The Bluetooth keyboard has an internal battery that charges via an included Micro-USB cable. Logitech claims the keyboard will work for six months between charges if it's used for 2 hours a day. I had no way of getting close to proving that claim, but the keyboard paired easily enough via a standard PIN-based entry. Once it's paired, all you'll need to do is flip a side power switch on the keyboard cover the next time.
This plastic-and-aluminum accessory marvel is pricey at $99, but it really works...and it's surprisingly comfortable to use. The raised keys have solid travel and don't feel mushy. The Delete, Return, Tab, and Function keys are cramped on the sides, but the main QWERTY keys are close to what you'd find on a Netbook. There isn't much of a raised surface, so the keys ride close to the level of a desk (that could aggravate some people from an ergonomic perspective), but the Keyboard Cover makes the most of its space limitations, and offers unobstructed access to the keys (unlike the original Zagg case, which had little walls on the side of the keyboard).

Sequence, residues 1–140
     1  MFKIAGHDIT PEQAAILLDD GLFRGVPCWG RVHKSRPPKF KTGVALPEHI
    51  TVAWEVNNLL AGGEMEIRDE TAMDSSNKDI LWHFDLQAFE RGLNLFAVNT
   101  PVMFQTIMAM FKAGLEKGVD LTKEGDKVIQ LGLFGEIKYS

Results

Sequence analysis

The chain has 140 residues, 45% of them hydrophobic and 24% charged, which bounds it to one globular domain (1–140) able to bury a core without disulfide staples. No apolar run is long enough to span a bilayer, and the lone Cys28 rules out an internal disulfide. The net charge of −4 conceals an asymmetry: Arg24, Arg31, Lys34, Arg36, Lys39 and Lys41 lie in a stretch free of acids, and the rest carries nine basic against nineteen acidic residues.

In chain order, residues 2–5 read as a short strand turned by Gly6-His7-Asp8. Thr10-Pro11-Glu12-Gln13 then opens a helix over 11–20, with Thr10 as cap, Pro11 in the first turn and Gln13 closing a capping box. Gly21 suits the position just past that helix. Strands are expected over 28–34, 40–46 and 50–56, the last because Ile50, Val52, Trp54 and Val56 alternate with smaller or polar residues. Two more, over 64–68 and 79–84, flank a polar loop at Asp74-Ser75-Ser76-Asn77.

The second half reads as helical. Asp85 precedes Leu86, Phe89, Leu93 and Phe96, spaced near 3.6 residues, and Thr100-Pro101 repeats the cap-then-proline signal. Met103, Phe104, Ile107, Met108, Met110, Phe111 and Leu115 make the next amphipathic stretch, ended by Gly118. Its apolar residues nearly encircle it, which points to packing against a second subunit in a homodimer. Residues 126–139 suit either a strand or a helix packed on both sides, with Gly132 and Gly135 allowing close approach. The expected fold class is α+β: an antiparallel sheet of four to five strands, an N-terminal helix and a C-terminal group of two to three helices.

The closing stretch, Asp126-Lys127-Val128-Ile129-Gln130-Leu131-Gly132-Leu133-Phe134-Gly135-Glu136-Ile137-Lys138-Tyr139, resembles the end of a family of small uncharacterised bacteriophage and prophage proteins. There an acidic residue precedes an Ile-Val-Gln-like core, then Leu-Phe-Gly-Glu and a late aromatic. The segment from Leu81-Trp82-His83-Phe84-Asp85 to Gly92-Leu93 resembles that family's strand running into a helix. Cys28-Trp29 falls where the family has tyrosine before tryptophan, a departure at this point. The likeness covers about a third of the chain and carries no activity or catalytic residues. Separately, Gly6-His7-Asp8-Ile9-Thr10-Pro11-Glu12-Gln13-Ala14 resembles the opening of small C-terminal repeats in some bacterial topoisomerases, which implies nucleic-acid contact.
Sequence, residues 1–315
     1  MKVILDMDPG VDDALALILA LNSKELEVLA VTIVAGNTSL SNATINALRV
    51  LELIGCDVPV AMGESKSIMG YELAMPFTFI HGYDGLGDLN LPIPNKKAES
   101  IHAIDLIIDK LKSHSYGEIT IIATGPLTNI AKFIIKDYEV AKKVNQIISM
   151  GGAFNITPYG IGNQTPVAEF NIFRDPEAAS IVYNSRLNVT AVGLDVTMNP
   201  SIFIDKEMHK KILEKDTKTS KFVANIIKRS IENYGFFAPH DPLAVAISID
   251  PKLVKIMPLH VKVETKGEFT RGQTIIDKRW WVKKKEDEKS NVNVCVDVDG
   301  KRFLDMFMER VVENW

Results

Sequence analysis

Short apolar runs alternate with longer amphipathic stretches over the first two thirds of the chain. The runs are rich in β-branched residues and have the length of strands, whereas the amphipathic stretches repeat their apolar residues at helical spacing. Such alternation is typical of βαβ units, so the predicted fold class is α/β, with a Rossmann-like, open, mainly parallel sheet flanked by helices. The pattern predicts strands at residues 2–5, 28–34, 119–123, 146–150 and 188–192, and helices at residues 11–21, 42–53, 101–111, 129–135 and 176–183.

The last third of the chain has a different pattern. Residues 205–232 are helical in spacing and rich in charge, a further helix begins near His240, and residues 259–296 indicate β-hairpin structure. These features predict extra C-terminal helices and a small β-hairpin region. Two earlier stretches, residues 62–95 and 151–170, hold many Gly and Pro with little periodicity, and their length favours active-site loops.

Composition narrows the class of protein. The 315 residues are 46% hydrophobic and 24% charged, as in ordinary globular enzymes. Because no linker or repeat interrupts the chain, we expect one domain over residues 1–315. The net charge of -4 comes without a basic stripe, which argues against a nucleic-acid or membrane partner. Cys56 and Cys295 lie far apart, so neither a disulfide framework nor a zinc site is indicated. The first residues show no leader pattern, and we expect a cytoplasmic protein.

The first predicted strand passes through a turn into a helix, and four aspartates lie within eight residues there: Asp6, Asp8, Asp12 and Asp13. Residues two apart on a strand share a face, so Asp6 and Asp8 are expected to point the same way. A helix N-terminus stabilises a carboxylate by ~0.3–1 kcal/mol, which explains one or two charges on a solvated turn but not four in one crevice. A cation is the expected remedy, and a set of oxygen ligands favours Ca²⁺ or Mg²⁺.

Dedicated iPad-oriented controls are layered on top of the number keys and are Function-activated. Cut, paste, volume control, play/pause, and some rudimentary cursor controls are included, but none helps with the iPad's chief limitation when keyboarded, which is that there's no mouse or touch pad control.
I wrote this whole review on the Logitech Ultrathin Keyboard Case, and by the time I finished I found I'd adjusted completely to the keyboard. It's not a true full-size keyboard like the, but it's more easily portable. It's the best ultraportable keyboard I've seen for the iPad, and it's smartly designed. Just make sure you have a good soft carrying case or an easily removed back cover when traveling.